This could be a dangerous game because it is difficult to understand when a dip becomes a massive sell out. When it comes to Bitcoin, it is also difficult to understand what constitutes a dip and at which point it will turn around. In fact, the very framing of this strategy “buy the dip” shows that the underlying assumption is that Bitcoin prices have to go up eventually. It is a high-risk strategy, which has proven to be highly profitable many times before – especially leading up to the 2017 all time high of almost $20,000 USD per coin. Nevertheless, it is foolish to assume that it will always be profitable.
Investors who are more risk averse but would still like to have some exposure to Bitcoin markets before the halving, are not likely to apply a buy the dip strategy. A dollar cost averaging strategy might also seem to risky to them. These investors will probably be comfortable with less exposure to Bitcoin as a whole, than investors who would go for the previous two strategies. A stacking Sats strategy would probably be the most suitable for them.
Sats – or Satoshis – are the smallest unit a whole Bitcoin can be broken into. It is a hundredth million of a Bitcoin, or the 8th number after the decimal point. Stacking Sats entails accumulating small quantities of Bitcoin, which are worth pennies or even a fraction of a penny, regularly. This is tantamount to having a piggy bank and putting small change in it constantly, which means that the strategy is not only low risk but also low cost. There are even ways in which investors can start stacking Sats for free. The obvious drawback of this strategy is that if you are expecting a price hike due to the upcoming halving, you will not be able to stack enough Sats between now and then, so your profits will be small.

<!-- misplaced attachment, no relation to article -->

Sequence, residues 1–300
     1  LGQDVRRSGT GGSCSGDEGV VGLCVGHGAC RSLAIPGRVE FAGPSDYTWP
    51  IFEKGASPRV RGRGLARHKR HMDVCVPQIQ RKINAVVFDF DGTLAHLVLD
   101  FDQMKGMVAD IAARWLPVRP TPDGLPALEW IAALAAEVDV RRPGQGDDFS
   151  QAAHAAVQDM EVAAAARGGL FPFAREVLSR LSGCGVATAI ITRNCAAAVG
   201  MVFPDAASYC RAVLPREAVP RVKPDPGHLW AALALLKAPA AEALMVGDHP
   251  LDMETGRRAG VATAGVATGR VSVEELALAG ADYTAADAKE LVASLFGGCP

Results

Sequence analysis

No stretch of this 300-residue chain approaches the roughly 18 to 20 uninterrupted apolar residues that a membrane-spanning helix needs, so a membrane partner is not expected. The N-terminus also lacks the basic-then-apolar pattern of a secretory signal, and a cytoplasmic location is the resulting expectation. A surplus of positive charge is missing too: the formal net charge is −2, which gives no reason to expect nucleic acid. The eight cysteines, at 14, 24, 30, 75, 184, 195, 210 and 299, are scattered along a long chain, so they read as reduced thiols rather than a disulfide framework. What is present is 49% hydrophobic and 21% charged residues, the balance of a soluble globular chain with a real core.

Buying Everything you Can Now
Investors can also choose to ditch all the previous strategies and simply take a gamble with any given amount of money. In other words, they could just buy everything they can now. Although it might seem reckless, it is an interesting strategy because it frees up time and mental resources to engage in other endeavors. Since a good investor always considers the opportunity cost, this is a great strategy for those who understand that the opportunity cost of cost averaging, stacking Sats or buying the dips is all the income generating activities you are giving up to engage in those strategies.
This strategy also results in limited exposure, because investors using it understand how much they are willing to risk and just pour that amount into the market. They absolutely let the chips fall where they may, so if they are convinced that the price will go up, they will just hold until the market reaches a point at which they are comfortable cashing out. This also saves them the pain of trying to calculate where the bottom of the next dip is or what the average price they paid for Bitcoin is after every purchase. Buying everything you have now, however, is a high-risk activity. From the point of purchase onward, if the market goes down, the only thing the investor can do when applying this strategy, is to either cut losses and exit, or ride it out.